Mar 3, 2014
Nanotubes make for better lithium-ion batteries
Single-walled carbon nanotubes (SWCNTs) are frequently employed as additives in lithium-ion batteries to improve charge and discharge rates, and the cycling life of the battery. Now researchers at Northwestern University and Argonne National Laboratory in the US have found that a nanotube’s electronic type, that is, whether it is metallic or semiconducting, affects how easily it can accommodate lithium. The spacing between nanotubes in a battery also appears to influence lithiation.
The team, led by Mark Hersam of Northwestern, used a technique called density gradient ultracentrifugation (DGU) to separate metallic and semiconducting SWCNTs. (As-grown SWCNTs are always produced in a mix of both electronic types – typically 33% metallic and 67% semiconducting). The researchers dispersed unsorted tubes in water using two surfactants. Because the surfactant wraps around the tubes in a different way depending on their electronic type, the metallic and semiconducting tubes end up with different buoyant densities and can thus be separated using DGU.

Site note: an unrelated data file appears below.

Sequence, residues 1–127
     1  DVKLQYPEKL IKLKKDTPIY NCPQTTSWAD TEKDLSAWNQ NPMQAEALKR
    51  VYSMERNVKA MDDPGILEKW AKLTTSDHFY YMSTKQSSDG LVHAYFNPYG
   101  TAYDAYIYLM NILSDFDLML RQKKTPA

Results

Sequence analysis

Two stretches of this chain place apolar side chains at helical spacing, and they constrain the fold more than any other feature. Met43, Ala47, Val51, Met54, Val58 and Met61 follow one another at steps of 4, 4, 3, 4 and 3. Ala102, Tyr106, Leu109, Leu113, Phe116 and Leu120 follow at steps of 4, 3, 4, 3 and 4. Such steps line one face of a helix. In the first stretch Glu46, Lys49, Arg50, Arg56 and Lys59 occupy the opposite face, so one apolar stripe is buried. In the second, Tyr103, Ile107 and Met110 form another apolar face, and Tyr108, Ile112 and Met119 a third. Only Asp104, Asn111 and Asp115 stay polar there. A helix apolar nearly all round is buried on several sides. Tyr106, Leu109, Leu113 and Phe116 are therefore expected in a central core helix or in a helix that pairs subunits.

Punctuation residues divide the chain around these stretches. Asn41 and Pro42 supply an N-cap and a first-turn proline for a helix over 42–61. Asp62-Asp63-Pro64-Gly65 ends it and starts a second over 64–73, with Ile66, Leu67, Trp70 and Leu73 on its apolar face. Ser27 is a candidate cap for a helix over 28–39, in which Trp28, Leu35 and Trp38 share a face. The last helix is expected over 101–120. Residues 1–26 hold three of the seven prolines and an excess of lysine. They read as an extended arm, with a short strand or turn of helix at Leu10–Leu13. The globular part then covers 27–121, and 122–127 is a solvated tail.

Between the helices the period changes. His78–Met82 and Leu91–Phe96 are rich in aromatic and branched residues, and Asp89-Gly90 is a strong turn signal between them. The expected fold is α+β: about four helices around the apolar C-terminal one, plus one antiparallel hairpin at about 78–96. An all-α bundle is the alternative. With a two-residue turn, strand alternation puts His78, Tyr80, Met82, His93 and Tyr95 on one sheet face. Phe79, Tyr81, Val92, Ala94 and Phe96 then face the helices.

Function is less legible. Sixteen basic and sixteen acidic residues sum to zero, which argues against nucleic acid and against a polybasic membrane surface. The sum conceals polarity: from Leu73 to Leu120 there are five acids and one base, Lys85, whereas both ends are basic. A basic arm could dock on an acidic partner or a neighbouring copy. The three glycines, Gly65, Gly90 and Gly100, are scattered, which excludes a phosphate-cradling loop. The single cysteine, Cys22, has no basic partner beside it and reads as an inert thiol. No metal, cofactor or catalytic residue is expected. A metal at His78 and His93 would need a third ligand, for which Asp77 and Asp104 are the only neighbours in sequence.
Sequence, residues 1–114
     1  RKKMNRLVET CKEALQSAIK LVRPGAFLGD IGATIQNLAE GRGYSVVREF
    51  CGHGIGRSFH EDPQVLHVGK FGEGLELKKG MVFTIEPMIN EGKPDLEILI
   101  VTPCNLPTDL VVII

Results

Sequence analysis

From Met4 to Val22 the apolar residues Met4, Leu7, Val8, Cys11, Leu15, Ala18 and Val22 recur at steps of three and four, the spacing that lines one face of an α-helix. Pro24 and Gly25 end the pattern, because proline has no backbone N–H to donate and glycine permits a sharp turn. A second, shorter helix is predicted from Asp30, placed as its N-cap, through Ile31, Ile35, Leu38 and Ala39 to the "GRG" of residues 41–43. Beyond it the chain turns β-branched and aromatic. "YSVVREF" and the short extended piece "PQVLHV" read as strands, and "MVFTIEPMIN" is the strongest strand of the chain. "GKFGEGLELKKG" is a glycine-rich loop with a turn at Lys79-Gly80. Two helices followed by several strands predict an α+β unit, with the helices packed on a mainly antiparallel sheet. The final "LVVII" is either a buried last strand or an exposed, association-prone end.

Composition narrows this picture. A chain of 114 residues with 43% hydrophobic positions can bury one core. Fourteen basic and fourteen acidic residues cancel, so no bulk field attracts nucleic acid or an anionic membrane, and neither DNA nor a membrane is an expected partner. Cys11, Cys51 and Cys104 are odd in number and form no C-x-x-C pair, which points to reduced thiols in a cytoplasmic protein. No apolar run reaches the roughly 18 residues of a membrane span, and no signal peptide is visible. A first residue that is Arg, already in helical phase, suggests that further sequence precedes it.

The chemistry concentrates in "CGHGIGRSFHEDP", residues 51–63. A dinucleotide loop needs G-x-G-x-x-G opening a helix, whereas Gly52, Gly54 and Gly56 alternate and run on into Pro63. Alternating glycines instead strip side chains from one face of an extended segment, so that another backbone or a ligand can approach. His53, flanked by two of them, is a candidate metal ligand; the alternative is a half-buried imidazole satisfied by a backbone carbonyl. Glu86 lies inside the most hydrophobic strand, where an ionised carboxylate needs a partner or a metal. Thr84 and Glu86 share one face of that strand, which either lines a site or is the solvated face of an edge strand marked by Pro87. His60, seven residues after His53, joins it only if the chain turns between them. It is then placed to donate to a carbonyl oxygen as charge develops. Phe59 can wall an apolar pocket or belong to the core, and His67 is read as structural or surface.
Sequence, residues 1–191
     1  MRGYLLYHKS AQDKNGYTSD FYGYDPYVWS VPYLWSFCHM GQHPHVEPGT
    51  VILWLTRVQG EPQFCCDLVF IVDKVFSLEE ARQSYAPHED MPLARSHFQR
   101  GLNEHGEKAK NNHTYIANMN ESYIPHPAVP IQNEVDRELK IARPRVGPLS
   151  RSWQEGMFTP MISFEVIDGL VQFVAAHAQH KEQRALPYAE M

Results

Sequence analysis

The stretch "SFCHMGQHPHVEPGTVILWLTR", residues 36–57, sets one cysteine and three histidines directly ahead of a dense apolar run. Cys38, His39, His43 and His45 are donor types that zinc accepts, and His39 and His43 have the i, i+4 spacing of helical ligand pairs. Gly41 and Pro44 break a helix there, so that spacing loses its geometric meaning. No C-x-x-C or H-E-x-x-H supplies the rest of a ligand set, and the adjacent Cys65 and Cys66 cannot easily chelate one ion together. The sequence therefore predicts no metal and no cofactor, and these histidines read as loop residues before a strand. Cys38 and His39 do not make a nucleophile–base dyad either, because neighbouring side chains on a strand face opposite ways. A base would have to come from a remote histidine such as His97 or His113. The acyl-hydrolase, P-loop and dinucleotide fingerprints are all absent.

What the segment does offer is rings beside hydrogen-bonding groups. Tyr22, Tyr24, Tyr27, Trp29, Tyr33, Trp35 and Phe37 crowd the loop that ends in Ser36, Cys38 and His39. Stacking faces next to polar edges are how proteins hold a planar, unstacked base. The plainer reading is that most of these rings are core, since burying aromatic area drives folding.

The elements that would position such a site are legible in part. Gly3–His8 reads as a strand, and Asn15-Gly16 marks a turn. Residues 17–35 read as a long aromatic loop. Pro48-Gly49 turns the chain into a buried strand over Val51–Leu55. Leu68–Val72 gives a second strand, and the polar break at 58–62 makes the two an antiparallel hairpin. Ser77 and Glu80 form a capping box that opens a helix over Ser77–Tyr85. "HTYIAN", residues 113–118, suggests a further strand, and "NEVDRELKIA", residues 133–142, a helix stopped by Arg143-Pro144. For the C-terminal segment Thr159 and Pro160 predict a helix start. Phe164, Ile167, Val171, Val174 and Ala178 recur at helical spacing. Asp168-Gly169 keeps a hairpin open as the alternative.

After sorting the tubes into metallic and semiconducting batches, the team processed them into freestanding films by vacuum filtration. The films were subsequently used as the cathodes in lithium-ion half-cell batteries with the lithium metal as the anode. The researchers measured properties such as cell capacity, Coulomb efficiency and battery cycling rates of devices made from each type of tube to determine how easily each one took up lithium. These studies were corroborated with theoretical calculations.
SWCNTs improve battery performance
Hersam and colleagues found that metallic SWCNTs accommodate lithium much more efficiently than their semiconducting counterparts. Another important discovery was that, if made denser, the semiconducting SWCNT films also begin to take up lithium at levels comparable to metallic SWCNTs. This is because lithium is more easily accommodated at the junctions between tubes, says Hersam.
“This work answers some fundamental questions concerning how lithium interacts with SWCNTs, which in turn affects the performance of lithium-ion batteries that contain these carbon nanostructures,” he told nanotechweb.org. “SWCNTs improve battery performance thanks to increased charge and discharge rates as well as having the added advantage of prolonging battery life.”
The team says that it is now exploring other nanomaterials such as graphene as additives or coatings in lithium-ion battery electrodes. “By understanding the attributes and limitations of each class of material, we will be able to rationally design composites that maximize overall battery performance,” said Hersam.
The current work is detailed in ACS Nano DOI: 10.1021/nn405921t.
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About the author
Belle Dumé is contributing editor at nanotechweb.org